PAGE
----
ReStation has its own private WhatsApp group, where they welcome their new members, post about all their upcoming events, and let the members organise their own evening drinks. If you’re staying there, their lovely community manager Myriam will add you before you get there, but you can also ask to join if you go along to any of their events.
I can’t guarantee they’ll let you join if you’re not a bonified ReStationer, but if you put on your best smile and show you’re keen to be part of the active nomad community, it’s worth a shot!
The New in Las Palmas Meetup is active, with regular events for residents and nomads alike.
Run by the same guy, there’s also a WhatsApp group called “Meetup Las Palmas Group”, which you can join by clicking here from your phone.
It’s not specifically for nomads, but for locals, expats and nomads alike who are looking for something to do throughout the week, and people post new activities as they hear about them. There are plenty of native Spaniards in the group, but don’t worry, for the most part everything’s conducted in English.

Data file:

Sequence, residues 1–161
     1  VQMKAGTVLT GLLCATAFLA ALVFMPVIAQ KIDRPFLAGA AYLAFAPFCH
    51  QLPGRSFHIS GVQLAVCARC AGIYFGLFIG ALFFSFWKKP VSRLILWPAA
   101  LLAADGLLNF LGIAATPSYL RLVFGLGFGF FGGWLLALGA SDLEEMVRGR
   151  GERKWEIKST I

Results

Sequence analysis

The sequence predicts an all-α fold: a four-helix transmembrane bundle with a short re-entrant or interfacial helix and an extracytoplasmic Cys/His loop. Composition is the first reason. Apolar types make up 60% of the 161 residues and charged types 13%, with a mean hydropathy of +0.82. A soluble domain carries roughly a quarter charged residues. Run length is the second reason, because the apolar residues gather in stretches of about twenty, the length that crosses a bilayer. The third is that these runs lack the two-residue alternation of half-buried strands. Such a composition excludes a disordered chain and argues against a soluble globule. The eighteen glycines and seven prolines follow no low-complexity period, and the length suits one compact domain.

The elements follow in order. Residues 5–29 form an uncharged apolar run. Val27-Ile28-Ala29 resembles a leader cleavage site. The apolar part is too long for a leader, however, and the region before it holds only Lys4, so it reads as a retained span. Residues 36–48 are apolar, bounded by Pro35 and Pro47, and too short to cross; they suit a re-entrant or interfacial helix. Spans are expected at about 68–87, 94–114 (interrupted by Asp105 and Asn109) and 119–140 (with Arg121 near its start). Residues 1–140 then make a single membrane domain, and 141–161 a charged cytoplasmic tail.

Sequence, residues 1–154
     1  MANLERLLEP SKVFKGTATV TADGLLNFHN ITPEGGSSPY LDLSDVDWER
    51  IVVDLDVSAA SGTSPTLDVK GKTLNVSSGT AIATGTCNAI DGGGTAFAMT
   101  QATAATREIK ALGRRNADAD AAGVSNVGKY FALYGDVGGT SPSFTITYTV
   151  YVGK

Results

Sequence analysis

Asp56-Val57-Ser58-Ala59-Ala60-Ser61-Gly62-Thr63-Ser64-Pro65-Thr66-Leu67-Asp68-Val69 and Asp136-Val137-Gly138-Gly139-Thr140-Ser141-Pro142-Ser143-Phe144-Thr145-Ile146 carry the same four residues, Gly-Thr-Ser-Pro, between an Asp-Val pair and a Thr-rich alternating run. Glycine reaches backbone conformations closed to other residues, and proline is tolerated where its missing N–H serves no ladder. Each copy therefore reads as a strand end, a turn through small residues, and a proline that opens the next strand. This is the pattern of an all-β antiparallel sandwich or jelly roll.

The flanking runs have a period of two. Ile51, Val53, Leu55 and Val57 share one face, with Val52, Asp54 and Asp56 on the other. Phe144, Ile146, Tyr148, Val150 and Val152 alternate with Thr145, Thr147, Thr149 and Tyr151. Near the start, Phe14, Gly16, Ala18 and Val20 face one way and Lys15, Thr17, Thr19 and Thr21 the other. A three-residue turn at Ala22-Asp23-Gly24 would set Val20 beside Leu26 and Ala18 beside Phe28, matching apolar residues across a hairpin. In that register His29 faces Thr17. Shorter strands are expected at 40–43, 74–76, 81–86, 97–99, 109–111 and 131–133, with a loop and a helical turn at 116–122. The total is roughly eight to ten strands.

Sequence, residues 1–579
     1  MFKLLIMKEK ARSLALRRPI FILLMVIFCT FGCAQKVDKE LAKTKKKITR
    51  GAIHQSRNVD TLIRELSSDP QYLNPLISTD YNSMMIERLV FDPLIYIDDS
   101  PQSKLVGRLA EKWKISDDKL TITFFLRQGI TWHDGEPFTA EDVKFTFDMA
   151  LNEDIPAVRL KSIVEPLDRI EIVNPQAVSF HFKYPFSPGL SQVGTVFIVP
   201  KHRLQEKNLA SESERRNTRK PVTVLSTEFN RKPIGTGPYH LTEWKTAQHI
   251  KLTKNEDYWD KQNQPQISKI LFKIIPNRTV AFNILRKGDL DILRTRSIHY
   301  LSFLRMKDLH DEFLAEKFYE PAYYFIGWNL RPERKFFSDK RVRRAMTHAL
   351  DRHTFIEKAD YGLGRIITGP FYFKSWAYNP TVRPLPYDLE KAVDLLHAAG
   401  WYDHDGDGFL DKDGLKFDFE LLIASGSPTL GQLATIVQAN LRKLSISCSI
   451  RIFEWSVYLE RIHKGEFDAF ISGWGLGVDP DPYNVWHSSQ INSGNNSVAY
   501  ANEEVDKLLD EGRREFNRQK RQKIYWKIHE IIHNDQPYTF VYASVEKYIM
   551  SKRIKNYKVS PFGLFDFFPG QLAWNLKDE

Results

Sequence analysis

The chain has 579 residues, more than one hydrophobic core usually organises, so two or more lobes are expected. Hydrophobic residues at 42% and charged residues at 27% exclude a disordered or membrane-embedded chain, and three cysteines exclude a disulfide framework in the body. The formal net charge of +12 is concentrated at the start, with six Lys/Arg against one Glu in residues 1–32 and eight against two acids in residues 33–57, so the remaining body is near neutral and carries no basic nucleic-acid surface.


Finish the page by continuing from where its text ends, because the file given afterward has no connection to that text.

There’s also a Facebook group called Las Palmas Info, specifically designed for digital nomads and expats, where members can ask for advice, share accommodation adverts, or post info on events they’ve stumbled across. It’s run by Laura Leon, who organises the fun and packed out evening beach event ‘Sunset Nomad Vibes’, and who also runs Spanish classes, which are perfect whether you’re just looking to brush up on your Español or learn your first words.
Gran Canaria Digital Nomads is another Facebook group, with close to 4000 members, but seems a little bit quieter.